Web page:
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Waterbury PD say arrest of ‘960 gang’ members is ‘big win’ for battle against gangs, violence, and drugs in Brass City

New Haven

WATERBURY, Conn. (WTNH) — Waterbury police said they’ve achieved a “big win” in the battle against gangs, violence, and drugs in the Brass City.

Related: FBI, Waterbury police arrest 3 members of ‘960 Gang,’ find 400 bags of heroin laced with fentanyl, report says

On Friday, FBI agents from the Meriden office and members of the Waterbury Police Department’s Gang Task Force arrested several alleged members of the “960 Gang” — which has been connected to violence in the city over several years.

Chief Fernando Spagnolo told News 8 that the gang has been “responsible for several historic shootings” in the city.

Those arrested over the weekend range in age from 19-23.

Authorities said during raids of their homes, they found 400 bags of heroin, which tested positive for fentanyl.

Spagnolo said the find was extremely disturbing since Waterbury is a city that’s been hit hard by the opioid crisis.

One of the chief’s top priorities is helping to get drugs off his streets.

“We have officers assigned to an FBI Task Force that are working on this violent crime and gang activity that’s happening in the city. These investigations are producing seizures of fentanyl and heroin here in the city of Waterbury.”

– Waterbury Police Chief Spagnolo

Brian Hardy is a community activist. He and other members of a community organization called The Ungroup Society are working on a way to get young people out of gang life.

Hardy believes he can make a difference because when he was younger, he says he was exposed to others who got caught up in that lifestyle and says he is very familiar with the trappings of it.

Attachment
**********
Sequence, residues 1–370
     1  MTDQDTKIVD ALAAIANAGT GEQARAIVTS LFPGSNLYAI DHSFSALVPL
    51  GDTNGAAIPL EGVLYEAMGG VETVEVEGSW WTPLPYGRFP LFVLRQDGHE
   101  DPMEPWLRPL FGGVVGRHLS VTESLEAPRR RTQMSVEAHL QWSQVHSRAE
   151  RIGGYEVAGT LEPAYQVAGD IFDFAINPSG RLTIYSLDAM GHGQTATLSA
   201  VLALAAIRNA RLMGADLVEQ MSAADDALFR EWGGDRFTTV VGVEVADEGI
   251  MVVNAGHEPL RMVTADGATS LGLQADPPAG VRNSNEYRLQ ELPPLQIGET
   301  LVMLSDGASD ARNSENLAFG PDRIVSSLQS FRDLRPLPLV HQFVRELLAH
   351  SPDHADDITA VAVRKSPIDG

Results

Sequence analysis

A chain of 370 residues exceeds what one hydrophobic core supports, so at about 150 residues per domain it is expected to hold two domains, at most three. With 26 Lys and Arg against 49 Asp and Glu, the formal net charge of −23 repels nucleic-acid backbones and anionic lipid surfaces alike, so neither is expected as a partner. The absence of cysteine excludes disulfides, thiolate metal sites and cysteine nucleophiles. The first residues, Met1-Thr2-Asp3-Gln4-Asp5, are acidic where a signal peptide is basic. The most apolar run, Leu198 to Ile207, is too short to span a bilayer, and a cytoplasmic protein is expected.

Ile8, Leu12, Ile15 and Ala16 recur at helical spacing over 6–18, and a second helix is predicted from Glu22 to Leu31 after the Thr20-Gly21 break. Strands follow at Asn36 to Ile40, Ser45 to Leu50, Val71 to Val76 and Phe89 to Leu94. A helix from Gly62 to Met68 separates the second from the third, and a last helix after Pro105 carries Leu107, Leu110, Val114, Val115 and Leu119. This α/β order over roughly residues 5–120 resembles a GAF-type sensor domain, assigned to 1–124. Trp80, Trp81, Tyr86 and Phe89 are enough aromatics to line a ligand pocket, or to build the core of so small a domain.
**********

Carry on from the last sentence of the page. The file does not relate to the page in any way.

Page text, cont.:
He explained that he is speaking with older gang members in Waterbury, trying to convince them to let younger gang members leave that lifestyle.

“They know there’s really no future, so therefore I go to them, I’m like — ‘why don’t you let that kid go? Why don’t you leave that kid alone? Let us have that kid.’

If we can just get a couple of kids and educate them and give them some different information than what they were given so far then maybe we can start a groundswell of change.”

– Brian Hardy, community activist in Waterbury

Hardy says, based on his interactions with gang members, the guns they attain are status symbols that, in their eyes, demonstrate power. They’re also for protection.

“You’re brought up in an environment where force can only be defeated by more force,” Hardy explained.

He also says, in many young people’s minds, gangs may give the allusion of power and a quick way to achieve things in life.

“A lot of these people are out here selling drugs and doing things because they have no other way to feed their family, pay their bills, so the things that they need to do — there’s no jobs in this city, no opportunity in this city, no hope in this city.”

– Brian Hardy, community activist in Waterbury

Waterbury Police and other organizations have been trying to steer kids away from gangs by trying to get them involved in more positive community programs like PAL — the Police Activities League and every day after school programs at The Boys and Girls Club.

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